Advanced Open Water!

After some delay due to illness, and then a few scheduling mishaps, I finally made it into the PADI Advanced Open Water course.  Started in March, which often competes with February for the coldest diving month in San Diego.  For the AOW course, there is some flexibility.  You need to complete 5 adventure dives.  Two of them are required: Underwater Navigation, and Deeper Diving.  

After that you can choose 3 others.  At the orientation, the instructor Patrick suggested the best other 3 for us to do but gave some leeway in case we wanted to do something different.  Thankfully everyone was fairly laid back and agreed to go with the offered suggestion:  Underwater Naturalist, Wreck Diving, and Night Diving.  

Winter storms delayed the start, but we finally made it out to La Jolla Cove on a very nice Saturday for our first two dives: Underwater Naturalist and Underwater Navigation.  

After a brief delay (someone forgot their weight pouches)  we started with Underwater Naturalist.  Thanks to a good bit of experience due to my normal buddy's photography, I had a fairly good knowledge of the regulars we would see before we even got started.  I ended up with a nice survey of marine life and easily passed the requirements. For Underwater Navigation, we just had to do a simple rectangle, with compass headings, and using kick stroke counting to "measure" the distances.  We ended up more team almost triangular ;-) but I think in the end we all had it figured out.  Unfortunately we weren't able to find the instructor's dive cache.  That was supposed to be a stretch goal, but alas it didn't turn up.

A few more winter storms interrupted the continuation of our instruction.  Two weeks later we finally got out again on the Waterhorse boat.  This time over to the Yukon.  It's really amazing to see for yourself.  Dropping down the line above the mid section of the ship, seeing the big guns and the outline of the whole ship under you.  It is just one of those things that pictures really don't do it justice.  We had a huge school of blacksmiths (fish) swirling around us.  It was great!  Unfortunately we were limited by air to a short Deeper Dive.  The partial color loss was obvious at 95 feet deep.  Otherwise nothing to it.  I was kind of expecting to go deep enough to find out what nitrogen narcosis feels like but no luck (or lack of luck) this time.

After a surface interval we were ready to get back into the water for the Wreck Dive.  And there I made mistake #3.  Just to rehash... Mistake #1 was flooding my underwater video camera.  Mistake #2 was flooding my first dive light.  Both just expensive stupid mistakes.  I guess you could say I had my first "real" mistake.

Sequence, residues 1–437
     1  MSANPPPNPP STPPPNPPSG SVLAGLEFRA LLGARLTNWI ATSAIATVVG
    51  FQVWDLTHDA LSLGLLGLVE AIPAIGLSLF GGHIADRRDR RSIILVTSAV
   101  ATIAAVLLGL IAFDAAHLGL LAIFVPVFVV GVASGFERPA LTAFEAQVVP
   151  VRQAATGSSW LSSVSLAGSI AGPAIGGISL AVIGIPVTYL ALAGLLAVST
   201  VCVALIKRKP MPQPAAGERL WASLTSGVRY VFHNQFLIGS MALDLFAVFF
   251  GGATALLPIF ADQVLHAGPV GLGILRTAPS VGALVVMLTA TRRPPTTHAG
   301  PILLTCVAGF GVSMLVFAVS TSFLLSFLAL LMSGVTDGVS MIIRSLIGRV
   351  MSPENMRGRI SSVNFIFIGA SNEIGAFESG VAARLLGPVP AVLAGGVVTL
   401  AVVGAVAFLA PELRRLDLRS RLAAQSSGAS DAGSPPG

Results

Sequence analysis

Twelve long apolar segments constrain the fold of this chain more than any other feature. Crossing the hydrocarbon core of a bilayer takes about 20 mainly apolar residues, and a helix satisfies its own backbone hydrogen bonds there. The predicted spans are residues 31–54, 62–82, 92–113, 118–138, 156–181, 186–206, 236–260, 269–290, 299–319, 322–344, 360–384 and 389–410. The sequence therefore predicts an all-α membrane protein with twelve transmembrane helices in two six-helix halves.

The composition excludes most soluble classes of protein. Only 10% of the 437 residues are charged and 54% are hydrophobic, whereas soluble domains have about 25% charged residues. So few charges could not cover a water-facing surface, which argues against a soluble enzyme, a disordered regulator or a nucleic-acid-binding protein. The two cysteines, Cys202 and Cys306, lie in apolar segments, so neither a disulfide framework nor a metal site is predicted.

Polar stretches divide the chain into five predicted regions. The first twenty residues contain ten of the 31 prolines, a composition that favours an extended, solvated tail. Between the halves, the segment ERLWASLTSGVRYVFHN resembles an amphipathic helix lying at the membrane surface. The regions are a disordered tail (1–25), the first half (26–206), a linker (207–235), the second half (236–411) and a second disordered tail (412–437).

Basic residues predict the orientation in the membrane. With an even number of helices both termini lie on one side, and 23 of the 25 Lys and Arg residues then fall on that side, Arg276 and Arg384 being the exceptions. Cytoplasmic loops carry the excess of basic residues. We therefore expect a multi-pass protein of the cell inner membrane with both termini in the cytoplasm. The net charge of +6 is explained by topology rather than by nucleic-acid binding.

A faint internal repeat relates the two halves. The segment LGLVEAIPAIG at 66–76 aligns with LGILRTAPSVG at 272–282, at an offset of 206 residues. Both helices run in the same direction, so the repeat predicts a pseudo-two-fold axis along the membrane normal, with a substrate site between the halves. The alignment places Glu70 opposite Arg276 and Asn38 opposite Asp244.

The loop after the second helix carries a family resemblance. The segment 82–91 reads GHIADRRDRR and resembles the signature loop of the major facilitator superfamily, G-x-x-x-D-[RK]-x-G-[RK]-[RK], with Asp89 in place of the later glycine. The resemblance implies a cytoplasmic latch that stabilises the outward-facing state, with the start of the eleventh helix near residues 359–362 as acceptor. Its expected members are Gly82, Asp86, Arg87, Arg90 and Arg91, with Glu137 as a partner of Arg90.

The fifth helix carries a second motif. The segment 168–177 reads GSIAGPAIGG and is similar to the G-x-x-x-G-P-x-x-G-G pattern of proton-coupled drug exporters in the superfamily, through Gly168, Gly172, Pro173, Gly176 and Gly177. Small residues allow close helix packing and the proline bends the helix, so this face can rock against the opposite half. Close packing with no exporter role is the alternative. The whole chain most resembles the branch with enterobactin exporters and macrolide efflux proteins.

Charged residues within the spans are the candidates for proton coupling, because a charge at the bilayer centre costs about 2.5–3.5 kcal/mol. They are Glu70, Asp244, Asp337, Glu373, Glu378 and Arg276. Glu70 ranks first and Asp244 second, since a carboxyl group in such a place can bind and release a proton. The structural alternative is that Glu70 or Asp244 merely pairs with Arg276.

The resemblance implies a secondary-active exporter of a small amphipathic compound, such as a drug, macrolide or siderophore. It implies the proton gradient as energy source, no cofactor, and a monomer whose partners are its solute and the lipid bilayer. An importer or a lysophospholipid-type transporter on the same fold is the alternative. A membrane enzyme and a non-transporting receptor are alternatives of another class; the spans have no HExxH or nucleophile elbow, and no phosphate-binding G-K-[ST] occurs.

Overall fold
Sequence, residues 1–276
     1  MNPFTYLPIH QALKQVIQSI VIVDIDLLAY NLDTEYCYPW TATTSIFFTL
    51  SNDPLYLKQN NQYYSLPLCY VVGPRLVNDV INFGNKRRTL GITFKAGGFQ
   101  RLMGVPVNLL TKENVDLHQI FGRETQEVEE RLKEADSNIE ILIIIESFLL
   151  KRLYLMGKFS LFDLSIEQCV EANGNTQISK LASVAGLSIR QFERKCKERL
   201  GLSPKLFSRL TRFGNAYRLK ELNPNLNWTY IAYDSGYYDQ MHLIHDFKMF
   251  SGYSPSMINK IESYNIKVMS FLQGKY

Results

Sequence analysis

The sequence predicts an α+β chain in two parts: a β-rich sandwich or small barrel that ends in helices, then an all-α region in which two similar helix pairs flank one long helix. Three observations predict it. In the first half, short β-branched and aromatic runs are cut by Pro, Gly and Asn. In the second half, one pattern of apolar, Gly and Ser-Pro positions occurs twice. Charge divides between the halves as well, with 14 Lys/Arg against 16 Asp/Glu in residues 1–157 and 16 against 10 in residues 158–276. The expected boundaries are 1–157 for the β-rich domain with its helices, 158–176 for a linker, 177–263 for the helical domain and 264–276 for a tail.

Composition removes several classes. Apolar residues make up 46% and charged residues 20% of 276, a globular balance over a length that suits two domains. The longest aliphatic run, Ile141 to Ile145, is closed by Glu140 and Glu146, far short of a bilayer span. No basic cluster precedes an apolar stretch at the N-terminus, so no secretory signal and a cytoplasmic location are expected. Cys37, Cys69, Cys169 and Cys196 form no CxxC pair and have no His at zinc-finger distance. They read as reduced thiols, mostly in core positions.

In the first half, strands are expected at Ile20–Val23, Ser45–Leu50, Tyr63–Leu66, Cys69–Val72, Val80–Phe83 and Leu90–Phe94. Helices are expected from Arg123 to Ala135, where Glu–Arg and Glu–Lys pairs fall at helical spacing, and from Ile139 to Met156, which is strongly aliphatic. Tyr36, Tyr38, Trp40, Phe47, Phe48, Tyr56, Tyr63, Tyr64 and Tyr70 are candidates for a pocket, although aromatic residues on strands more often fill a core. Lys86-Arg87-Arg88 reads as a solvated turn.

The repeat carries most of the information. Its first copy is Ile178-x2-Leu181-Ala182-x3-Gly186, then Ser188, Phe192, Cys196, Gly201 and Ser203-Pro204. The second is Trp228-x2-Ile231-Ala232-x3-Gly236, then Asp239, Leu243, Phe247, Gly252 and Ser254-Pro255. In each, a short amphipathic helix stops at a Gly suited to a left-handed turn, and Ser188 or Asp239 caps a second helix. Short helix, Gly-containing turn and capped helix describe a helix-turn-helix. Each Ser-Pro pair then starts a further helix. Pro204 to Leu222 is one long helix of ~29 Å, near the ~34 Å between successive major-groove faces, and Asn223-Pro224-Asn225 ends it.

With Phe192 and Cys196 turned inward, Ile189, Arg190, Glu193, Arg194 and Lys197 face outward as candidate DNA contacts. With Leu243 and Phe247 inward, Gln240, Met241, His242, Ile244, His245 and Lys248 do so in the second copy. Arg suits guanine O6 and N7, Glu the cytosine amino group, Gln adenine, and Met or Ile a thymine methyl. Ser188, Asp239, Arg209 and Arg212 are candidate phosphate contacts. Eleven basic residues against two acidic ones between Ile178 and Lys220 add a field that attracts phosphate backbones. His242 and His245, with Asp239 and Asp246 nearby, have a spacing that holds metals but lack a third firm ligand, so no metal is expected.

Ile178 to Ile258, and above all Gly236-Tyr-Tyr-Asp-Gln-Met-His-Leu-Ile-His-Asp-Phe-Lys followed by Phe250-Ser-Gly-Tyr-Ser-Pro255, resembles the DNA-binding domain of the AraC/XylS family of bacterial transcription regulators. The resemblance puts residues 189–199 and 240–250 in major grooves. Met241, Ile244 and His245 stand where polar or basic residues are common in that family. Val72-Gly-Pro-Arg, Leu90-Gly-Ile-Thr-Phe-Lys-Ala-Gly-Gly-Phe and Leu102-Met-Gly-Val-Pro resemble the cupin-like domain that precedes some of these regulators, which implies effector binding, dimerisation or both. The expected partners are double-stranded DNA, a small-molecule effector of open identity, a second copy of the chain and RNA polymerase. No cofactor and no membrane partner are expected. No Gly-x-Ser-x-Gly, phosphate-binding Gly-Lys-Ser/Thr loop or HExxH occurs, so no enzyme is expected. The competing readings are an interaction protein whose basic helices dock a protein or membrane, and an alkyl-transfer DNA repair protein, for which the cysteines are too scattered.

Mistake #3.  My buddy and I didn't do buddy checks.  We did them the first dive.  Everything good, and ready to go.  But alas, on the 2nd dive we didn't.  He's much less experienced (not that I have all that much, but I certainly had more, and know better).  Thankfully it had no serious reprecussions.  My buddy didn't remove the regulator from the tank between dives.  And thus the boat crew didn't fill his tank.  He was back in the water with the same amount of air he'd come out with!  So, back on the boat he went.

Thankfully there was an already full tank, to swap to.  It didn't hold up our Wreck dive too long.  But... I spent the whole dive, that evening, and even the next day, burning the idea into my brain.  That shouldn't have happened.  Thank goodness we didn't get any futher before he found out.  So I plan on being the really annoying, very particular and detail oriented buddy from now on to make sure that doesn't happen again.

With the threat of more storms coming we decided to try (and succeeded) in pulling off the Night Dive two days later (tonight).  We dove La Jolla Shores.  Thankfully its very familiar to me now.  Not quite to the point where I have a mental map, but I have a decent idea of where things are.  We dropped in a bit after sunset. Unfortunately, a little too shallow.  Thats usually no big deal, but the particulates were thick.  It was a no fun swim out to the canyon. We traversed the main wall for a good while, and then headed in.  Got to see an Octopus, a Juvenile Horn Shark, and numerous crabs, nudibrachs and the typical La Jolla Shores flora.  Something big kicked up a cloud of silt as we were approaching one part of the wall.  I really wanted to know what it was but it was either hiding well in the silt cloud or already gone.  We surface to a beautiful night sky, and a nice easy kick in to shore.




May 2012

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